CS 452/652 Fall 2022 - Lecture 16
Nov 8, 2022
Train Modelling (cont'd)
- special case of deceleration
- manual experiment
- send stop command when sensor is triggered
- manually measure stop distance
- compute using acceleration model
- experiment with two sensors close to each other?
- experiment by trying to stop right after sensor
- use search algorithm to find right time: could be automated
- stop time + velocity → compute stop distance?
- search algorithm (e.g., binary search) might be brittle and need many experiments
- special case of acceleration
- measure based on known estimate for stop time/distance
- stop at known location, then start
- measure time to sensor
- can compute acceleration
- similar caveat as acceleration measurement: did train reach target velocity?
- stop before reaching target velocity
- manual experiments with different (short) times between start and stop
The material covered in class should be sufficient for train modelling.
However, during the past years, various documents have described train
modelling and calibration in the context of CS 452/652. The various
versions are made available here with the caveat that they might or might
not be helpful:
The Kinematics of Train Calibration (2017)
The Kinematics of Train Calibration (2015)
Reverse Engineering Acceleration/Deceleration(2011)
- think of program as graph
- computation & termination vs. control/service loop
- control/service loop: throughput vs. latency
- timing of edges: busy vs. block
- throughput: compare average busy cost of paths to offered load / arrival rate
- latency: take into account busy and blocked cost
- no balancing between lower and higher latencies
- service loop: outliers change mean - potentially skews utility
- late response is useless, regardless of how late
- control loop: mean masks outliers - potentially hides catastrophic problem
- how often a train enters a critical track section matters more than how much it overshoots
- analysis must work with latency distribution
- service loop: high order percentile (tail latency)
- control loop: worst-case latency
- rare exceptions where average latency is relevant
- worst-case execution time (WCET)
- identify (safety-)critical paths or worst-case execution path (WCEP)
- busy: memory pipelining/caching/sharing effects?
- cache: no miss, one miss, all misses -> reality?
- block: contributes to latency, but not throughput
- internal loops - bounds?
- standing queue - contributes to latency, but does not affect throughput
- queueing theory: latency increases as arrivals approach capacity
- cannot "save" capacity during low-arrival times for later high-arrival
- static analysis: NP-hard
- experimental measurement: no worst-case guarantee!
- hybrid: measure single feasible paths (SFP) & analyze combination
- automatic analysis: loop counts, recursion depth? needs bounds/annotations
- preemptive scheduling: shortcut to loop start
- small tasks: shorter graph edges
- critical path: sensor event → action → effect
- preemption: keep uninterruptible kernel execution short!
- priorities: support resource management via scheduling
- priorities are a mechanism to organize various components of a computer system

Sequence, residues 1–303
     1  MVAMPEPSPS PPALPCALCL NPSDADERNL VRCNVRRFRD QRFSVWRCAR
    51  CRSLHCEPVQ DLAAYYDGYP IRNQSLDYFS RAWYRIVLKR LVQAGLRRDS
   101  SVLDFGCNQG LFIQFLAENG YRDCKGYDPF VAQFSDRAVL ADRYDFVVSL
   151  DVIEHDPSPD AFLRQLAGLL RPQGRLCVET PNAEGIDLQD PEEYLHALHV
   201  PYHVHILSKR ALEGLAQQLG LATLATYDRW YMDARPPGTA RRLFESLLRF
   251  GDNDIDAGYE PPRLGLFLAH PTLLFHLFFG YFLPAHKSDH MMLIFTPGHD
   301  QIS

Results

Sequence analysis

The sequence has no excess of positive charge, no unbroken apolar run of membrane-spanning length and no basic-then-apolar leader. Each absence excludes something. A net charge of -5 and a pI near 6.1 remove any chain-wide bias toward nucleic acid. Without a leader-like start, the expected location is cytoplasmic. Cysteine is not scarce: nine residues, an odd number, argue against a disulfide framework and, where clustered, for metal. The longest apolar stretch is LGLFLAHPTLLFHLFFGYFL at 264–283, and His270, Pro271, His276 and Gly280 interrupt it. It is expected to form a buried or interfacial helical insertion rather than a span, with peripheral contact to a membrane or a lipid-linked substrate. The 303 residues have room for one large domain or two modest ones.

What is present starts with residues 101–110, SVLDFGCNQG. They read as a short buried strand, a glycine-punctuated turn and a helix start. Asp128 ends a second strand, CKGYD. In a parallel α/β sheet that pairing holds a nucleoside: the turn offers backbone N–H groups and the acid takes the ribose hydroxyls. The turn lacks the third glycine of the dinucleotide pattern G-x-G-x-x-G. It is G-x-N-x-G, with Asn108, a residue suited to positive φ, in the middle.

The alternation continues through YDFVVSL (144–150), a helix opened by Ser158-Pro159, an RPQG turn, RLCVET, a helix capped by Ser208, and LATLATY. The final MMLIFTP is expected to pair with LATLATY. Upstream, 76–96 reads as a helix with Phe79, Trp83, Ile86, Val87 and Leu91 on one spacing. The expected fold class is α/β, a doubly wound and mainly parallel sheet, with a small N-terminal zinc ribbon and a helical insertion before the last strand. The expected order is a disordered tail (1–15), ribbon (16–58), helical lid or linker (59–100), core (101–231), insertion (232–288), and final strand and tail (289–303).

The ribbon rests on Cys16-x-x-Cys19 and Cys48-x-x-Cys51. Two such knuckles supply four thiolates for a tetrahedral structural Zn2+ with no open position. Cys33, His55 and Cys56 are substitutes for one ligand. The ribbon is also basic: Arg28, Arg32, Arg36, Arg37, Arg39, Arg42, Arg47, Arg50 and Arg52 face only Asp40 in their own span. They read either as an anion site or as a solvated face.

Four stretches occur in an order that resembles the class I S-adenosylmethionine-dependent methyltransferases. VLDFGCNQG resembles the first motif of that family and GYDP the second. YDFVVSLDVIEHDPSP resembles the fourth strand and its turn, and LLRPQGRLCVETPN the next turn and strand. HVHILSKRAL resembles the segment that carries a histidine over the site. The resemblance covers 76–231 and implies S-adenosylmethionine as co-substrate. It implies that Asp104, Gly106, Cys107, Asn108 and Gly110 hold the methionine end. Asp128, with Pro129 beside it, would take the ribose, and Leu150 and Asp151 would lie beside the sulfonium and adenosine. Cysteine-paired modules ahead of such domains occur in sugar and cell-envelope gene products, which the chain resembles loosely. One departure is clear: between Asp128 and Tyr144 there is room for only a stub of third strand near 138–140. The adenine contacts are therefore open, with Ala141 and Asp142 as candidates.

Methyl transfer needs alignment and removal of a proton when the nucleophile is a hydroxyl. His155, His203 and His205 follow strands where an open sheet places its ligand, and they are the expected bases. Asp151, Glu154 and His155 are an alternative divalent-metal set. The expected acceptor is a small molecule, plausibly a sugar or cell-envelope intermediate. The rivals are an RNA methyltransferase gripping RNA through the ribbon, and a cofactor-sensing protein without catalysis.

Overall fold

- critical path: sensor → uart → supervisor → engineer → track → uart → command
- plus requisite notifiers, couriers, etc.
- critical path? everything is important! what can be bumped down?
- computation such as routing and path planning?
- at low utilization: priorities not as critical
- priority determines worst-case latency
- low-level tasks: low priority could loose interrupts or input
- use higher priority and/or buffer
Reminder: Train Control Caveat
- track interface is half-duplex
- alternate between reading requested sensor data and sending commands
- train control commands delay sensor loop - options:
- single-bank sensor queries - budget for train commands
- add uncertaintly to sensor timing based on number of previous train commands
- ignore additional error, because it is small?
- participants: demo group, instructor, teaching assistant
- 45 minutes, roughly 3 parts of 15 minutes max
- no requirement to fill the 15 minutes alloted time!
- software deadline as given in the assignment description: Wed 9am!
- you are in control → stay in control!
- get back in control, if necessary: harrumph, set up next demo, speak louder!
- compe prepared
- don't leave dead air
- two students: one presenter, one operator
- switch roles at some point
- for each step of the demo:
- before: explain what is going to happen and why
- during: point out what to pay attention to
- after: provide more details, if necessary
- take into account knowledge of audience
- general knowledge and experience with subject matter
- no detailed knowledge about your particular project, difficulties, trade-offs, etc.
Part 1 - scripted
- plan what you are going to do and who will do it
- know which parts of your program working and only show working parts
- explain what does not work
- if necessary, show partial functionality using different programs
- think about timing and specific phrases you want to use
- despite your best preparations, things might still go wrong...
- prepare to explain:
- what does a particular part of the demo show?
- where will the train(s) go? why?
- what does train motion show about your speed calibration?
- what is the operator doing at the terminal? show us!
- what parts of the demo are done automatically vs. manually?
- increase chances for success
- dry-run entire demo
- keep copy of working executable
Part 2 - unscripted
- we might ask questions, such as
- can you do this with another train?
- can you do this on the other track?
- can we fake sensor triggers?
- can the train go to this or that location?
Part 3 - discussion & code review
- be prepared to explain and justify your design and coding decisions